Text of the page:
CAFTA: Ideology vs. national interests
Using the Clinton playbook for enacting NAFTA in '93, the White House is twisting arms and buying votes to win passage of the Central American Free Trade Agreement.
And the seductive song the White House is singing sounds familiar. It is the NAFTA theme song. CAFTA will ease the social pressures that have produced waves of illegal aliens. CAFTA will increase U.S. exports. CAFTA will not cost U.S. jobs. Fool me once, shame on you. Fool me twice, shame on me.
CAFTA's big secret, by Lou Dobbs, CNN, June 30, 2005
CAFTA: Ideology vs. national interests, by By Patrick J. Buchanan, WorldNetDaily.com, July 27, 2005
There goes the neighborhood, by Phyllis Spivey, NewsWithViews.com, July 22, 2005
Does CAFTA include a visa?, by Rob Sanchez, July 11, 2005
Will CAFTA Affect Immigration to the United States from Central America?, by NumbersUSA.com
CAFTA Squeaks by Senate, By Tiniest Margin Ever for Trade Bill in History
CAFTA: Exporting American Jobs & Industry, by William Norman Grigg, The New American, published on StopTheFTAA.org, April 18, 2005
Keystone to Convergence, by William Norman Grigg, The New American, published on StopCAFTA.org, April 18, 2005
U.S. Blocked Release of CAFTA Reports, by Assosiated Press, June 29, 2005
CAFTA undermines immigration laws, by Tom Tancredo, NCTimes.com, July 17, 2005
If Tom DeLay's caucus delivers 200 votes for CAFTA, economic patriots will begin to look outside the GOP for leadership.
In 1993, Republicans, by four to one, signed on to NAFTA. They believed the promises that our $5 billion trade surplus with Mexico would grow and illegal immigration would diminish. They were deceived. The NAFTA skeptics were proven right. The U.S. trade surplus with Mexico vanished overnight. Last year, we ran a $50 billion trade deficit. Since 1993, 15 million illegal aliens have been caught breaking into the United States. Five million made it, and their soaring demands for social services have driven California to bankruptcy. As for Mexico's major exports to us, they appear to be two: narcotics and Mexicans.
With Middle Easterners turning up on the Rio Grande, patriotic Minutemen are patrolling the border because President Bush will not enforce our immigration laws. Who can believe this White House is serious, then, about halting the invasion from the Caribbean and Central America?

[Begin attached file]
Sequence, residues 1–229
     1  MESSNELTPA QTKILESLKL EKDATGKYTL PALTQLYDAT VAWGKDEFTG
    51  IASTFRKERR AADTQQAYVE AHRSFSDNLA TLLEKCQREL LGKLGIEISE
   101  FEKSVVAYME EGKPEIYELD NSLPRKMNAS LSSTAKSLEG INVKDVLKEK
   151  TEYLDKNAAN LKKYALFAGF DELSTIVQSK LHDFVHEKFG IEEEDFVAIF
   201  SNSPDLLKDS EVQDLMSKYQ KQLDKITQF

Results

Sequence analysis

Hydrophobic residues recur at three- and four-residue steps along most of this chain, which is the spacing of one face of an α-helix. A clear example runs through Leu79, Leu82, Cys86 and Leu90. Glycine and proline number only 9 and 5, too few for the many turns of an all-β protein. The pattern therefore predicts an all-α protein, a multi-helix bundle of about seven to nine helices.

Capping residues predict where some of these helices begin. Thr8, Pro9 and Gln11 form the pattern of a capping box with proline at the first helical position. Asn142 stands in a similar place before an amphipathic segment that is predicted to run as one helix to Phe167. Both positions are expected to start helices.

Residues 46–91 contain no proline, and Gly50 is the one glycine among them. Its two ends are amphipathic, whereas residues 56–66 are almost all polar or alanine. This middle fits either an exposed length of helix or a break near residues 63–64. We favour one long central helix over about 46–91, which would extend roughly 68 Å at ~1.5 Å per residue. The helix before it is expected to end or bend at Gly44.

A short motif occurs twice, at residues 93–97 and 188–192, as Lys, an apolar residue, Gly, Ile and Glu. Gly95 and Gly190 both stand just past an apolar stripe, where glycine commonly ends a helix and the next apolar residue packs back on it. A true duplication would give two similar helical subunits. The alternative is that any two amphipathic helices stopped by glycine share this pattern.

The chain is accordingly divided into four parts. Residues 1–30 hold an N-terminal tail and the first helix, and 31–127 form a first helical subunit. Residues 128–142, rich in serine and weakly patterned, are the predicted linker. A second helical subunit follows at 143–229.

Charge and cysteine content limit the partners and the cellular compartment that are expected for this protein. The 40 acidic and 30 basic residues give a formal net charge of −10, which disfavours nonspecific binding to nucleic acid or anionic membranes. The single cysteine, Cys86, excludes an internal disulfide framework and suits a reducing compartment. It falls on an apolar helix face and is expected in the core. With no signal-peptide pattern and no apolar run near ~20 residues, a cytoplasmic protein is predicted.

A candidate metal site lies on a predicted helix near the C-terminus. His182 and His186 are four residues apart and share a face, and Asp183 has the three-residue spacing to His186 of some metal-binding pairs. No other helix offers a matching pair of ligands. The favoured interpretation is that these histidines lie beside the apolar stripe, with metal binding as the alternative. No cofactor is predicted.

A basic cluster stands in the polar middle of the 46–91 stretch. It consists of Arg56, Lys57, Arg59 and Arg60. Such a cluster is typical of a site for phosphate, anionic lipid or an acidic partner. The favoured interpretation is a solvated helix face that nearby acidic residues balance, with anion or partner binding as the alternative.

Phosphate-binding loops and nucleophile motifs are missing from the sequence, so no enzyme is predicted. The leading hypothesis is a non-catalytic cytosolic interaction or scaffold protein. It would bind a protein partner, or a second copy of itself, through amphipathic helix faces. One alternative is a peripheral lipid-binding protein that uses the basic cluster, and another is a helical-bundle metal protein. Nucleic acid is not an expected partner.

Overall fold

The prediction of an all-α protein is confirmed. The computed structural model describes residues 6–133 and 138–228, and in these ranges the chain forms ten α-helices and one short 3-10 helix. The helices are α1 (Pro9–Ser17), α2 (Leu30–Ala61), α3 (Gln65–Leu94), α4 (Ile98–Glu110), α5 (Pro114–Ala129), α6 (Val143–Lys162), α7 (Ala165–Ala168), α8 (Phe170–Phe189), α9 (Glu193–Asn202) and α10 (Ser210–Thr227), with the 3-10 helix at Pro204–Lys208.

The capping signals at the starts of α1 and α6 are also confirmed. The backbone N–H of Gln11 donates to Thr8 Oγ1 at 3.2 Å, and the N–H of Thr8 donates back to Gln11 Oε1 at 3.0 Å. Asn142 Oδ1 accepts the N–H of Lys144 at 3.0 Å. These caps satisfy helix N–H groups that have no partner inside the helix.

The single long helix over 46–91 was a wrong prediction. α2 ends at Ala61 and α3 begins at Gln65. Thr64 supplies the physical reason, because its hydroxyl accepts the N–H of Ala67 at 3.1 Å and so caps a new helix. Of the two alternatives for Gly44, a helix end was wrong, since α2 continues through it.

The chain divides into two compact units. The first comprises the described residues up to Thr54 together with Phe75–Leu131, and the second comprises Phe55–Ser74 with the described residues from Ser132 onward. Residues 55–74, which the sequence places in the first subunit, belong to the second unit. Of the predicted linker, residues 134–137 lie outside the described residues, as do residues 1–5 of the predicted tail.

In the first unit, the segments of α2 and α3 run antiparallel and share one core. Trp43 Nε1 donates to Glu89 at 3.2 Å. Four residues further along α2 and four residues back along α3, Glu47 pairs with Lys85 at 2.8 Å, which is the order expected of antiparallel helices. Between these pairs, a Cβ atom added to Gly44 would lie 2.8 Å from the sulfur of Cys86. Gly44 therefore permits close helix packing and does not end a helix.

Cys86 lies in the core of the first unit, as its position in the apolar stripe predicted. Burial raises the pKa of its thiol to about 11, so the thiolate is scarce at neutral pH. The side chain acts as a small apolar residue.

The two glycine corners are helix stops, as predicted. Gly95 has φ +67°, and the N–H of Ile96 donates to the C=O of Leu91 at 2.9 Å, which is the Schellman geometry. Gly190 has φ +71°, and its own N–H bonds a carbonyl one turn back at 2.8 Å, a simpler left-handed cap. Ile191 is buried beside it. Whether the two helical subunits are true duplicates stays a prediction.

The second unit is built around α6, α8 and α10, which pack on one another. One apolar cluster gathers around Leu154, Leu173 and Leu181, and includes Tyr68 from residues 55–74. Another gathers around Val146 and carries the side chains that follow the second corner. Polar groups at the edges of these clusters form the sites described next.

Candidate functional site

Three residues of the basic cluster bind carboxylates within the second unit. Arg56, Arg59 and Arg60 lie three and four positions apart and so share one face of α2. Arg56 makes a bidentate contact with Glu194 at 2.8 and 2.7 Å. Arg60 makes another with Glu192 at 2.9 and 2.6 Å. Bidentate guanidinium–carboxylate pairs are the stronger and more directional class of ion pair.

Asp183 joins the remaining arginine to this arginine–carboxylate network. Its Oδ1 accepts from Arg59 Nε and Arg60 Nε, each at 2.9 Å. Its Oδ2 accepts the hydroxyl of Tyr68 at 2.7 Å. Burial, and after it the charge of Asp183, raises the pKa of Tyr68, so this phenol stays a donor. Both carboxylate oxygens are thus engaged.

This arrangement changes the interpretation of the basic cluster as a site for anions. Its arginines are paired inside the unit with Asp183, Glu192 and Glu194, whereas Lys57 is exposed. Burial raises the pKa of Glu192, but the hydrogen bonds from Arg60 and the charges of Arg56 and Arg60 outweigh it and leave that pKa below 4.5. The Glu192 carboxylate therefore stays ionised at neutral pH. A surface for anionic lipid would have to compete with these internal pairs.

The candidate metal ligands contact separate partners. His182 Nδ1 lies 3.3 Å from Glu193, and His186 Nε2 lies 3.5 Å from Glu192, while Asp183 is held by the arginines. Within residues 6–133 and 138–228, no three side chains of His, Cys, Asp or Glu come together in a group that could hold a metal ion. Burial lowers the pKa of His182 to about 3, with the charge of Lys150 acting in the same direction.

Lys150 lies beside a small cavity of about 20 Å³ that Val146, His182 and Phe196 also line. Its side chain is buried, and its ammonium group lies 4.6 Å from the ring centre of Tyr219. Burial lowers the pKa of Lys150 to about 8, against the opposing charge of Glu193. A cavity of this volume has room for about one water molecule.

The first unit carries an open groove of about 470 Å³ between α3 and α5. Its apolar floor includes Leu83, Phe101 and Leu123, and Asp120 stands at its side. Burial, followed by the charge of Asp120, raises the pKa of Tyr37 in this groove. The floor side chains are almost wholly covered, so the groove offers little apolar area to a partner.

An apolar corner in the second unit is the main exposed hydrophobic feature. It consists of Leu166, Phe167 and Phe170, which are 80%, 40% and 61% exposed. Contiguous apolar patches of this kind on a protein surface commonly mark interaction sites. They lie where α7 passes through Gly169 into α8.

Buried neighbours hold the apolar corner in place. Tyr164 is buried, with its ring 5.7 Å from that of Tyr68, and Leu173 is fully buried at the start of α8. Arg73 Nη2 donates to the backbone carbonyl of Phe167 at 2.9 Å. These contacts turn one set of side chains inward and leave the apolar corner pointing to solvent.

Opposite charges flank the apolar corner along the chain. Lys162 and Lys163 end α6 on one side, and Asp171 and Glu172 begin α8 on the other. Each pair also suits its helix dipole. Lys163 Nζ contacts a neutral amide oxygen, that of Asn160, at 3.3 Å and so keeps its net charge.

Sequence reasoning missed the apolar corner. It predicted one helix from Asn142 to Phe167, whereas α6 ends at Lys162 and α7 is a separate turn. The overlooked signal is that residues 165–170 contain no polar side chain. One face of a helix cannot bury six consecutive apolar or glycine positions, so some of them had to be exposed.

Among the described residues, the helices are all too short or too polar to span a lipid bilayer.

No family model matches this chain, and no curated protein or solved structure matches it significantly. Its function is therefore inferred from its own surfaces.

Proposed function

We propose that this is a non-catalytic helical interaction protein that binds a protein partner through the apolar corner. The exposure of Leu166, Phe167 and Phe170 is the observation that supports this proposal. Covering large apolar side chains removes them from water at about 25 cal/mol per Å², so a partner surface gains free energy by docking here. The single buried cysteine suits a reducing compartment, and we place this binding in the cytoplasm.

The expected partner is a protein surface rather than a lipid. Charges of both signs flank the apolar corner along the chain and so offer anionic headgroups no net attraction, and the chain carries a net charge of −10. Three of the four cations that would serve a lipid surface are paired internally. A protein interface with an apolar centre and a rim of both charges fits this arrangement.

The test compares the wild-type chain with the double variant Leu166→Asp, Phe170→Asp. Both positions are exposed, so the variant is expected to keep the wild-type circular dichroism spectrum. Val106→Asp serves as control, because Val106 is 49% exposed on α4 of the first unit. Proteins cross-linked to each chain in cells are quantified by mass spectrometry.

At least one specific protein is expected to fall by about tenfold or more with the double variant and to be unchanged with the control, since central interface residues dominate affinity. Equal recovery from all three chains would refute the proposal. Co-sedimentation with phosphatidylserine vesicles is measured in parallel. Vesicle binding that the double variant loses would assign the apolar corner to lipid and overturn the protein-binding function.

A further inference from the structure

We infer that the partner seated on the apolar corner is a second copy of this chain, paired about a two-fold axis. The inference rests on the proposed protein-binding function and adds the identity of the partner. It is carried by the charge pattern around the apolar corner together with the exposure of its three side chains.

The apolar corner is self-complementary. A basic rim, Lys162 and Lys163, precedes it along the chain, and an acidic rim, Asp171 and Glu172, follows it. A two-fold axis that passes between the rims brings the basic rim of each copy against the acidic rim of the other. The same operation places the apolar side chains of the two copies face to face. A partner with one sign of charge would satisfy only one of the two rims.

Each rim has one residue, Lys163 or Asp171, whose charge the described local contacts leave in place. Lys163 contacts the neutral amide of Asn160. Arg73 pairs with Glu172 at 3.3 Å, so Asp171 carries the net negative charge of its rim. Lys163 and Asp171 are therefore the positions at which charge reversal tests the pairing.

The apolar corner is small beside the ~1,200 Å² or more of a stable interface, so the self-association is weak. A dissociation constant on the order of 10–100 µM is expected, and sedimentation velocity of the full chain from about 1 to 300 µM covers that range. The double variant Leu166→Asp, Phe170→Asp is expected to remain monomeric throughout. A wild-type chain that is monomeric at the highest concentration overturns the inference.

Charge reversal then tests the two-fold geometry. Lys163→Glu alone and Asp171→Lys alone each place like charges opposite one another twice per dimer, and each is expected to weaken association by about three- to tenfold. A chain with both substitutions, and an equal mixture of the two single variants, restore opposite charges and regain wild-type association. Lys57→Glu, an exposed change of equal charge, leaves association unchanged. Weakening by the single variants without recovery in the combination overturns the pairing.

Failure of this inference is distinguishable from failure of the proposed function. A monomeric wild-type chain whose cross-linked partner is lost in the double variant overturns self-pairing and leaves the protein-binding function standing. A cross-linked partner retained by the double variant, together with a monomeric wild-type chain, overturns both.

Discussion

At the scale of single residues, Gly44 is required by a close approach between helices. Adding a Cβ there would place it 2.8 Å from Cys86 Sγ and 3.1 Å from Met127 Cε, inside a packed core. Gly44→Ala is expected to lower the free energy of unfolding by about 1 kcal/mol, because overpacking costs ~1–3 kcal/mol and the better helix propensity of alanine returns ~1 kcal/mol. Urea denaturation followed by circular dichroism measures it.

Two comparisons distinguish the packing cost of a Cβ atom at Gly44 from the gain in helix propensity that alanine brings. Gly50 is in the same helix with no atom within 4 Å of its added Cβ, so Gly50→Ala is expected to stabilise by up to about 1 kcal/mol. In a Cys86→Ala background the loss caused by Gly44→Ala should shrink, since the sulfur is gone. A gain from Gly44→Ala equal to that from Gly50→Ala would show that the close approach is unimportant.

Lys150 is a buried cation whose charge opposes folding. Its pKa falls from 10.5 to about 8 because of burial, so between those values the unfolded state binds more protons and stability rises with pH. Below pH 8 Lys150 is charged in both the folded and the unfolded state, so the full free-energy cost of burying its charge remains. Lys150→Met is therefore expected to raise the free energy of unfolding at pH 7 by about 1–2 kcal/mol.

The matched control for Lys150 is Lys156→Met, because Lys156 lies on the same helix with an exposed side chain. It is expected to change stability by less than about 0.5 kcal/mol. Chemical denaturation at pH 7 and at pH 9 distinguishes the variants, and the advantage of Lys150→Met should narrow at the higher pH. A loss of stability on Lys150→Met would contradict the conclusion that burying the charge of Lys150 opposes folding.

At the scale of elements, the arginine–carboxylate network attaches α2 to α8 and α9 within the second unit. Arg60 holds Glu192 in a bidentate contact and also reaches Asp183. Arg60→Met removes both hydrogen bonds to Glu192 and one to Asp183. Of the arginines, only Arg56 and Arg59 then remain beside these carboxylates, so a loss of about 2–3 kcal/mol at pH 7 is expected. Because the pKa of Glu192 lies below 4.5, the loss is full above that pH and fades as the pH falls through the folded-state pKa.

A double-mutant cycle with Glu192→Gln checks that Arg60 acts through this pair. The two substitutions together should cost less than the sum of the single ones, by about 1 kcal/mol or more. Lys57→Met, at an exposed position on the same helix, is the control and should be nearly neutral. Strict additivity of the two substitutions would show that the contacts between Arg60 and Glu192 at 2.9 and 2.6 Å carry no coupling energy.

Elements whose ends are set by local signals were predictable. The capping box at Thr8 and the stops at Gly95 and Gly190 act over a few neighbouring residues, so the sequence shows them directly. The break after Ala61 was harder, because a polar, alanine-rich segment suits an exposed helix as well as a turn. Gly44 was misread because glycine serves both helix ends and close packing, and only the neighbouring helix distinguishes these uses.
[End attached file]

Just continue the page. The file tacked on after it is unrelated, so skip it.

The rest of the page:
It is time for Republicans who represent a Middle America that never wanted NAFTA to tell the White House the old talking points will no longer do. The open-borders, free-trade ideology of Clinton and Bush has run its course and begun to endanger our national existence.
Today, "free trade" is about something other than the simple exchange of goods. Henry Kissinger tipped the Trilateralists' hand in 1993 when he wrote that NAFTA was the "architecture of a new international system," a great "step forward toward the new world order."
Today's trade agreements are about reshaping the world to conform to the demands of transnational corporations that have shed their national identities and loyalties and want to shed their U.S. workers. Tired of contributing to Medicare and Social Security and having to deal with Americans who need health-care and pension benefits, they want to dump them all and hire Asians who will work for $2 an hour.
Trade treaties have become enabling acts by which global companies desert their home countries. CAFTA will enable U.S. firms to shut down factories here, lay off their labor force, and hire Dominicans and Costa Ricans, but retain free access to the U.S. market. They get to fire their American workers – and keep their American consumers. What a deal.
NAFTA and CAFTA are the shield laws of corporate absconders.
What these companies want ultimately is a world government that will protect their absolute freedom to go where they wish and do what they want – the country be damned...
America can yet turn this around, but we are reaching a tipping point – where a sovereign, independent and self-sufficient American republic will cease to be.
Thirty House Republicans can stop this process cold by just saying no to CAFTA. The Business Roundtable will get over it. After all, they have no place else to go.
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